The Journal of Arthroplasty, Volume 32, Issue 5, 1659 - 1664.e1

An Anatomic Investigation Into the Relationship Between Posterior Condylar Offset and Posterior Tibial Slope of One Thousand One Hundred Thirty-Eight Cadaveric Knees

Weinberg, Douglas S. et al.
Knee

Background

Posterior condylar offset (PCO) and posterior tibial slope (PTS) have critical consequences in total knee arthroplasty, especially with regards to sagittal plane balancing. However, there has only been limited investigation into the functional consequences of each, and there have only been anecdotal observations regarding any associations between PCO and PTS.

Methods

In a large osteological study of 1138 knees, standardized measurements of PCO and PTS were taken using previously described techniques on specimens of different age, race, and gender. Multiple linear regression was performed to determine the independent predictors of medial and lateral PTS.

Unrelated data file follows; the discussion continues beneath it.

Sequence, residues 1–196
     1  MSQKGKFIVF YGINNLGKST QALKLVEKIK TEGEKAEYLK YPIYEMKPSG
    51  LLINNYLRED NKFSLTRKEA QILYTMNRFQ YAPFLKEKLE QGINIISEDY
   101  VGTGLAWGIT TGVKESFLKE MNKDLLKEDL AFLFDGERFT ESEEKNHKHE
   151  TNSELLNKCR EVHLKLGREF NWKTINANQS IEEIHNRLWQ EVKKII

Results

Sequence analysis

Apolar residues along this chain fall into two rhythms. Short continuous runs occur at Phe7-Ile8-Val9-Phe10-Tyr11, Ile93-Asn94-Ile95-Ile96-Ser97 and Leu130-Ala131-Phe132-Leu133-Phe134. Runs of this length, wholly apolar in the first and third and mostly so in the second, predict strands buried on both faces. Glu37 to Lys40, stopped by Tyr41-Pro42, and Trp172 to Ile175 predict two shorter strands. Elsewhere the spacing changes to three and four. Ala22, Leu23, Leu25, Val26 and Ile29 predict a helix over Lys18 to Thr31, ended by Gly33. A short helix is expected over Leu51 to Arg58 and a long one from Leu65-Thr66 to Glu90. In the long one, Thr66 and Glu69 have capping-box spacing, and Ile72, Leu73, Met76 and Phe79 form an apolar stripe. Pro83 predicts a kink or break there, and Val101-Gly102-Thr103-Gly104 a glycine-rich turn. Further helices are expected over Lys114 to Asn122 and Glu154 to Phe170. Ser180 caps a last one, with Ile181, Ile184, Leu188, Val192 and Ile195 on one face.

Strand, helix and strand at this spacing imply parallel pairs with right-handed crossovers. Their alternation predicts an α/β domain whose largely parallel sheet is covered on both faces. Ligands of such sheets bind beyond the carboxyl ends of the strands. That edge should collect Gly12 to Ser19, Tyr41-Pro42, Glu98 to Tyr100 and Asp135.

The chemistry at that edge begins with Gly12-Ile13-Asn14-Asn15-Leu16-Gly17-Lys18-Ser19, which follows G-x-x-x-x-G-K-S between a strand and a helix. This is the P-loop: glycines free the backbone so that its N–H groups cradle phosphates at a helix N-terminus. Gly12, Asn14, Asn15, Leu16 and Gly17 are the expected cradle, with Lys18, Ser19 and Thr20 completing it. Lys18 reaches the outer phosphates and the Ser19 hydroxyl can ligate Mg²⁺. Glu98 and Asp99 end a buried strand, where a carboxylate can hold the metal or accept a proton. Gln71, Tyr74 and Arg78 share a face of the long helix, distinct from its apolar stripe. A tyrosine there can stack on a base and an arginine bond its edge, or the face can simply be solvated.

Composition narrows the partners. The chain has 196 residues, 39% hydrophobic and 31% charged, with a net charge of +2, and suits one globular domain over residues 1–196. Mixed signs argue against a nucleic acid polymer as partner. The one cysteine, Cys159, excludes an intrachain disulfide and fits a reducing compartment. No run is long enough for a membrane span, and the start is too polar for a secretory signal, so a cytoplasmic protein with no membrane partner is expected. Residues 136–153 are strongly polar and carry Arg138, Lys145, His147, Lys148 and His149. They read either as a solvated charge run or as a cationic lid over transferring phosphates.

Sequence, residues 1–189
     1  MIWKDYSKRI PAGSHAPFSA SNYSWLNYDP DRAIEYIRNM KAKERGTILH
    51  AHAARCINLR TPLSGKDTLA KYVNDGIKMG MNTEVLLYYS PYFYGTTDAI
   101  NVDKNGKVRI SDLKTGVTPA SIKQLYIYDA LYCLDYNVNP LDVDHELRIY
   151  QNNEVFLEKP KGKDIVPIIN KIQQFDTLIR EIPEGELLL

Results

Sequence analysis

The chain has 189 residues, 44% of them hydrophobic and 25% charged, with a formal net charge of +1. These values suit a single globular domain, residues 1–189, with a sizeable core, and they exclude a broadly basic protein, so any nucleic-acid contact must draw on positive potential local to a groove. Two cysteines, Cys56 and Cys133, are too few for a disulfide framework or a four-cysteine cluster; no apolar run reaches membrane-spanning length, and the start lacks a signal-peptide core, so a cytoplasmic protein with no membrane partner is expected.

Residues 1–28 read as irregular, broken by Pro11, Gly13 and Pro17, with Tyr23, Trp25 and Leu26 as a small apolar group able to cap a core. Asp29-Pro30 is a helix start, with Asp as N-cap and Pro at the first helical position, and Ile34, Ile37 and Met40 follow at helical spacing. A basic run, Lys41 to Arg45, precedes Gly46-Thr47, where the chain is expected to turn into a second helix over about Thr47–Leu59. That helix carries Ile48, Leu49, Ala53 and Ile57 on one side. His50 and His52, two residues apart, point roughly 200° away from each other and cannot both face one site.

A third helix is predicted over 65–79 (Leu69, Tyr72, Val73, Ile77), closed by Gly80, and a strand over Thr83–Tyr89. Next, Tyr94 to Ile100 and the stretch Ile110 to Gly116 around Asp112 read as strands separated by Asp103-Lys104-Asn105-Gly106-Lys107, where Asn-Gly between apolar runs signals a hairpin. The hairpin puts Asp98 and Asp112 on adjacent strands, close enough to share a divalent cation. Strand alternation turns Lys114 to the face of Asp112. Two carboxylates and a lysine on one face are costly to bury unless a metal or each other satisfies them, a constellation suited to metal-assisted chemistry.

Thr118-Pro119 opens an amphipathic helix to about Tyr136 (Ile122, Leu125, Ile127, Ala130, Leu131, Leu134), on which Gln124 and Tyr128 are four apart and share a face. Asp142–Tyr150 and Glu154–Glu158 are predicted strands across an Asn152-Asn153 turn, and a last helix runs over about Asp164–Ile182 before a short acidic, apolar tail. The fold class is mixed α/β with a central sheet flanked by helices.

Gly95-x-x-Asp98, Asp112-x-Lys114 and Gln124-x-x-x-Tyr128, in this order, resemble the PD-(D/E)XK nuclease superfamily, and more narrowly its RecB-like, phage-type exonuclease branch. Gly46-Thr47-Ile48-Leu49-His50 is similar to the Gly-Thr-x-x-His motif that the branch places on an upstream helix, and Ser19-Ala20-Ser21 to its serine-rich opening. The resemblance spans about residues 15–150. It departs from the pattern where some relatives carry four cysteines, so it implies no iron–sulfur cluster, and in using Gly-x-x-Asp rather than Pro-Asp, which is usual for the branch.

Results

Mean standardized medial PCO was greater than lateral PCO (1.22 ± 0.16 vs 1.15 ± 0.19 mm, P < .001) and medial PTS was greater than lateral PTS (7.3 ± 3.8° vs 5.7 ± 3.7°, P < .001). Decreasing PCO, female gender, and African-American race were associated with both increased medial and lateral PTS. Neither age nor femoral length correlated with medial or lateral PTS.

Conclusion

These data are the first to quantify that an inverse correlation between PCO and PTS exists. This relationship represents an important area for future biomechanical and clinical studies.


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